Not only is a bully arrogant and fearful, they're also angry with intimidation being the main goal in every instance of bullying. The anger felt by most antagonists stem from the poor treatment or neglect they often experience at home. Many times a bully has experienced the same treatment at home from a parent, step-parent; sibling, step-sibling or neighbor that they display at school. In many instances the child has observed this overbearing conduct in the home from their parents, and as we all know, kids tend to repeat what they see at home. And if the child has never seen this behavior in the home, but is routinely acting in this manner outside of the home, then his/her parents are neglecting their duty as parents if they don't abruptly end this deplorable conduct. Parents are responsible for stopping this behavior that their child is committing away from the home. When this issue is brought to their attention they must take a strong stance and end it immediately. The message at home must always be: bullying is not an acceptable form of behavior under any circumstance; now or at any time in the foreseeable future. For those keeping score at home, I have now used the word home ten times in this last paragraph, the reason being I wanted to drive home that all behavior, good and bad, starts at home. Now I have used it twelve times. I hope everyone gets my point.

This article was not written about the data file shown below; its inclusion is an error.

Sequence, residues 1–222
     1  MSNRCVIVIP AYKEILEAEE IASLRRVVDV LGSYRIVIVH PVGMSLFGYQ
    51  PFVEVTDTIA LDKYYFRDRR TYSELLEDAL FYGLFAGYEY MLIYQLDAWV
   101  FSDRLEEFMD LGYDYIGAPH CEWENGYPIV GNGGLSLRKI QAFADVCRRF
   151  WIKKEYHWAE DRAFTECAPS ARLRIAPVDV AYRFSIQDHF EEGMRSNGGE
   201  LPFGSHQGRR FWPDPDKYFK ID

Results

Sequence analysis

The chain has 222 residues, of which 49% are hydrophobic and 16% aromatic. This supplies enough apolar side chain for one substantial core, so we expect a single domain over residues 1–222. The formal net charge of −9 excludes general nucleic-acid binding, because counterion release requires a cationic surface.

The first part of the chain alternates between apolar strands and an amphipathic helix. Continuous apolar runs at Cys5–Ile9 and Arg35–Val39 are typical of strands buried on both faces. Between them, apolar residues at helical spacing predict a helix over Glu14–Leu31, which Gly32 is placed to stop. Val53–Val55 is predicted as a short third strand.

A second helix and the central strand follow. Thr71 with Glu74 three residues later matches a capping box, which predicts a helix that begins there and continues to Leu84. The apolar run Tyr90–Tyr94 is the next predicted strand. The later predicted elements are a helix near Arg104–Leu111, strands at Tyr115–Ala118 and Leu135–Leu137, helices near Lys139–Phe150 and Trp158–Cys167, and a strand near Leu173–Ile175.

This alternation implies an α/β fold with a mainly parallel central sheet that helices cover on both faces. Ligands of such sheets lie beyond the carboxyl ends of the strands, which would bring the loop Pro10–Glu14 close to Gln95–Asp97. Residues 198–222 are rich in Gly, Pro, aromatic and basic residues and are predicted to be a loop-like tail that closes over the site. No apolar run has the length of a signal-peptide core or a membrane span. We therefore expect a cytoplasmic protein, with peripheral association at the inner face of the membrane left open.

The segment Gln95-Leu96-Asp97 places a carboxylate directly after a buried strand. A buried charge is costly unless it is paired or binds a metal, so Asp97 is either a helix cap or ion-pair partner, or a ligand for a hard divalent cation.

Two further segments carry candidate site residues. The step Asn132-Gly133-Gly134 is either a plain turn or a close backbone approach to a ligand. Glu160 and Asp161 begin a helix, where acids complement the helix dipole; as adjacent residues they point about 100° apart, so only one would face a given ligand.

Everything starts in the home... everything.

I mentioned earlier that a facebook post that I received last week was part and parcel of why I choose to write this piece. A dear high school friend of mine, Jeannie Whitt Kerbler, posted these words on facebook last week: